St. Patrick’s Day and Cultural Appropriation (EP. 113)

Cultural Appropriation

Summary

Have you ever celebrated St. Patrick’s Day–even just a bit? Do you know of anyone else who has? I don’t mean only things like marching in a St. Patrick’s parade, drinking a bathtub full of green beer, or running around with a sign saying “Kiss me, I’m Irish!” I mean wearing a tiny piece of green to school because you were afraid that people would have a license to pinch you if you didn’t. Or planning on having corned beef and cabbage for dinner. Or maybe faking your best Irish accent as you said “Top o’ the mornin’” instead of “Hi” to your friends and coworkers.

If you or anyone you know did anyone of these, was that cultural appropriation? If so, why? If not, why not?  

For the next 10 minutes, we will talk about the answers to these two questions.

Transcript

Have you ever celebrated St. Patrick’s Day–even just a bit? Do you know of anyone else who has? I don’t mean only things like marching in a St. Patrick’s parade, drinking a bathtub full of green beer, or running around with a sign saying “Kiss me, I’m Irish!” I mean wearing a tiny piece of green to school because you were afraid that people would have a license to pinch you if you didn’t. Or planning on having corned beef and cabbage for dinner. Or maybe faking your best Irish accent as you said “Top o’ the mornin’” instead of “Hi” to your friends and coworkers.  

If you or anyone you know did anyone of these, was that cultural appropriation? If so, why? If not, why not?  

For the next 10 minutes, we will talk about the answers to these two questions.

Let’s start with a definition of appropriate from Merriam-Webster, the dictionary people. “1: to take exclusive possession of: 2: to set apart for or assign to a particular purpose or use 3: to take or make use of without authority or right.” Wow. To appropriate something is pretty serious. Words in the definition like “exclusive use” and “set apart” are pretty descriptive.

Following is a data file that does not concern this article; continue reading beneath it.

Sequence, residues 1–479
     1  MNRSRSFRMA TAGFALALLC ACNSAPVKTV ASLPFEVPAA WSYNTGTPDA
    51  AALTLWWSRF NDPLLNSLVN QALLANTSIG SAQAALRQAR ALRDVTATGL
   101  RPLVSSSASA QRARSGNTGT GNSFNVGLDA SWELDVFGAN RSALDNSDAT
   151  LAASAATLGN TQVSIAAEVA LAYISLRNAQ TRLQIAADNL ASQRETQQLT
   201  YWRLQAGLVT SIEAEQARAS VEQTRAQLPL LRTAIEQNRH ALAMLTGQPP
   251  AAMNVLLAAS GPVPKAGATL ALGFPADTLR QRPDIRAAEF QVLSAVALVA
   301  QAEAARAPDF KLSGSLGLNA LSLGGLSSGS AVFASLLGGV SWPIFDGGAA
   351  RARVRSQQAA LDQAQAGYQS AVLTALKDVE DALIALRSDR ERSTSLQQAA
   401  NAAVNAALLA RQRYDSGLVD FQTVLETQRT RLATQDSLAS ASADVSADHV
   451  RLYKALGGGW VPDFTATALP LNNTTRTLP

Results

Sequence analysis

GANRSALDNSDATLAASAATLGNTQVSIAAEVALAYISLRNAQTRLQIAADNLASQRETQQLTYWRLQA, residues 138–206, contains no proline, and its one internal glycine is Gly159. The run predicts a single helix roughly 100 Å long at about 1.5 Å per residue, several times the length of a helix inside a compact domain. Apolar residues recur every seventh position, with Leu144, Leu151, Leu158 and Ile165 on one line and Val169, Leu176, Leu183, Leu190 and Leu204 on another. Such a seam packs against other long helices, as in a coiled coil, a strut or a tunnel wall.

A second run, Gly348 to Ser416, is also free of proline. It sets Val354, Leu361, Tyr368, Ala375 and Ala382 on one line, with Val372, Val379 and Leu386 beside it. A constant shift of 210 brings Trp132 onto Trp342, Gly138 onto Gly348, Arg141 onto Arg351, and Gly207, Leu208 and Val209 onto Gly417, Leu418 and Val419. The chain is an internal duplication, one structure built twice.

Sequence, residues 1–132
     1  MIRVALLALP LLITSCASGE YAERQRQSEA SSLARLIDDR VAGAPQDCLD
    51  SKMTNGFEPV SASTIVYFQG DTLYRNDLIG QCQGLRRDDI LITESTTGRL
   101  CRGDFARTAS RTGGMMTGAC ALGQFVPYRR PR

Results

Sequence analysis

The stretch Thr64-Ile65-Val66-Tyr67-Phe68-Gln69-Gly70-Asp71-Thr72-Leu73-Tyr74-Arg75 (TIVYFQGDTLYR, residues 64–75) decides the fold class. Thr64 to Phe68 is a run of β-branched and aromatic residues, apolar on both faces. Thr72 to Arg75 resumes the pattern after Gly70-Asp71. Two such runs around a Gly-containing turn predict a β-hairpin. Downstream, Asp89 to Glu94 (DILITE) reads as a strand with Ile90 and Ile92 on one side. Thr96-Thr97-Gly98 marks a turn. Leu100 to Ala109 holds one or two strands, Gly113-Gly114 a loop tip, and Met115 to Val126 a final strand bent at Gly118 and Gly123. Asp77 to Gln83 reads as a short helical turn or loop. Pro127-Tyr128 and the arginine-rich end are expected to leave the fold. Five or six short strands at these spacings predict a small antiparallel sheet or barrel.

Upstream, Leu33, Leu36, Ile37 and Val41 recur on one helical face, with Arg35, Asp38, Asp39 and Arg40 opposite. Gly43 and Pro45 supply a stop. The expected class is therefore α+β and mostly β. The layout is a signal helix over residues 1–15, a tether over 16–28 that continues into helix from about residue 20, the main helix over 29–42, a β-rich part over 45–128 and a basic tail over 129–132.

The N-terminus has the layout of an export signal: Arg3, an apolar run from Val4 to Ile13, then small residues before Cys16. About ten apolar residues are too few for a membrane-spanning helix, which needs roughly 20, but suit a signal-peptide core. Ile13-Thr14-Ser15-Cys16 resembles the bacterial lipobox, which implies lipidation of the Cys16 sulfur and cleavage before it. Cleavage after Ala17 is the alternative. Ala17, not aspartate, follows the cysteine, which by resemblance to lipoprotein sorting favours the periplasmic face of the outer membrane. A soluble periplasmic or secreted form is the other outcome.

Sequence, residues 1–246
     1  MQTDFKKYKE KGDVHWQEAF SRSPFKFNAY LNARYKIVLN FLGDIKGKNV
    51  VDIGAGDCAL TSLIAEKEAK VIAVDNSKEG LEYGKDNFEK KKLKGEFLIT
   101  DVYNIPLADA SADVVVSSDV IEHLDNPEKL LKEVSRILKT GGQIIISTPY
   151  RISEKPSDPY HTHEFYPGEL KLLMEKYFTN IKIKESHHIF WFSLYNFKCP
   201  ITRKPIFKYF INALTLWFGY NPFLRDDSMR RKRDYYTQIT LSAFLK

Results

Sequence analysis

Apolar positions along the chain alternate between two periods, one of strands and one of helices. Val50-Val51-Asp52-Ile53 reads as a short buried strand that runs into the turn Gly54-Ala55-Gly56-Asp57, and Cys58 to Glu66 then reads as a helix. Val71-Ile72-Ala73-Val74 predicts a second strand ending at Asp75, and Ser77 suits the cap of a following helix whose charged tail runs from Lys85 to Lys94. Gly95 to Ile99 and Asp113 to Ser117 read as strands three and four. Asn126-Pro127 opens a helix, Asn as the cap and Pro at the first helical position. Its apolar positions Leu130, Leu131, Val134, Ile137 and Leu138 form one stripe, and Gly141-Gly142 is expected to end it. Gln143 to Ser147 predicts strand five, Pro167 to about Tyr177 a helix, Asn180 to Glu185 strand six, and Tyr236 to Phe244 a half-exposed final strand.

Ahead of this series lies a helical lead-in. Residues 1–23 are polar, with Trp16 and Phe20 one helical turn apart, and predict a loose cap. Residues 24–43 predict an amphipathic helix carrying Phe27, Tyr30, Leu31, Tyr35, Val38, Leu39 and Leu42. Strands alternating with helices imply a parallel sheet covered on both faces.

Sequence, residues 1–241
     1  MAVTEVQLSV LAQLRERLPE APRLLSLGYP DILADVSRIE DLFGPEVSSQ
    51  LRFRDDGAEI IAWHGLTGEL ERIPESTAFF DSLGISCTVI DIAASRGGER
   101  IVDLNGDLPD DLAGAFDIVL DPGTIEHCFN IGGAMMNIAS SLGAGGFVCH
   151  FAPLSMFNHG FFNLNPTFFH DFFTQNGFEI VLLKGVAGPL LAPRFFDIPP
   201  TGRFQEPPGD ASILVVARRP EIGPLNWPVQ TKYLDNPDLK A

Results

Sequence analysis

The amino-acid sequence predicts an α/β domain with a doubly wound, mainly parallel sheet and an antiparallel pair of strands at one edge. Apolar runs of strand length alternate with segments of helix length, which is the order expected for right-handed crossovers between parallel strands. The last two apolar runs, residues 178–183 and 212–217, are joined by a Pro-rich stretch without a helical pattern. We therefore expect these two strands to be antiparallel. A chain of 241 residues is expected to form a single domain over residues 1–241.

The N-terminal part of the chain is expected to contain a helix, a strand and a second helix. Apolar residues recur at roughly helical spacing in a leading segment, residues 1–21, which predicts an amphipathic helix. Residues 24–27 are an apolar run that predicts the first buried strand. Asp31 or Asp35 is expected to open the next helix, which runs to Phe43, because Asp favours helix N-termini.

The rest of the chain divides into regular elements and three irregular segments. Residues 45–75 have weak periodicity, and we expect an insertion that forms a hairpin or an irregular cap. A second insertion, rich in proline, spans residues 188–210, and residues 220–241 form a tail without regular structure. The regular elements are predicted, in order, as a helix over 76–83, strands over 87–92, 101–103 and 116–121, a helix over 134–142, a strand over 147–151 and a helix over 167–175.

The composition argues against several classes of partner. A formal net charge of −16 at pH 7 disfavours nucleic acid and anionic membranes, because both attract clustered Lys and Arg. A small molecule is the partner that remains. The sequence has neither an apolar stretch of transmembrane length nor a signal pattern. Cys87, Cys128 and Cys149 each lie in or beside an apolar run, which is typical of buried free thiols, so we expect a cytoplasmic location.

So let’s immediately answer the question of whether or not participating in celebrating St. Patrick’s Day is cultural appropriation. No. Of course not. Look back at the definition and see if any part of what we read from Messrs Merriam and Webster applies. Nope. Not a word. Not a single word.

So, is wearing a sombrero and a serape on Halloween cultural appropriation? No. Just apply the definition again. How about wearing lederhosen and a Tyrollean hat during Oktoberfest? Or going to a Japanese restaurant and trying to order in Japnese? No. None of these comes close to qualifying. BTW, I once tried out my hotel, taxi and restaurant Japanese in a Japanese restaurant. After a few tries and no response, a sushi chef leaned over and said. “Sir, we are Korean.” Oh. Turns out they owned a Korean restaurant as well.

Okay, Will, what about wearing blackface as part of a costume? Or goosestepping and throwing Nazi salutes? Both are clearly wrong. Forgetting cultural appropriation, actions like these are just wrong. Dead wrong. And we don’t need a dictionary to know this.

Question: Why are we seeing and hearing what seems to be a lot of conversation about how almost any kind of costume or imitation is cultural appropriation and much to be avoided? And if not avoided, then criticized to the point of scorn.

Answer: This is yet another example of agenda over integrity. The agenda in this case is to promote the identity group politics of victimization in order to gain personal and political advantage. Assigning certain identity groups other groups to ally with, and, worse, make yet other groups the enemies of the allied groups, is at the heart of identity group intersectionality. Yes, our nation is dangerously divided and getting more so. And this terribly harmful division is being fueled by identity group intersectionality. And all for personal and political gain.

Today’s Key Point: “E Pluribus Unum” is on all of our money, and is one of America’s key founding principles. Out of many, one. The Latin that best expresses the goal of the identity group intersectionalists is, “Ex Uno Tumulto”, out of one, chaos. How would you like that on our money? They want to further divide us, intentionally creating the chaos that must result from widening divisions, and use our encouraged dislike and distrust of each other to realize their personal and political ambitions. Divide and conquer. Cultural appropriation is just one of their tools. Don’t fall for it. Have fun. Participate. Enjoy a green beer, and celebrate all week if you’d like. I’ll stick with my fake accent.

The core, driving principles at Revolution 2.0, are:

  1. Personal Responsibility; take it, teach it and,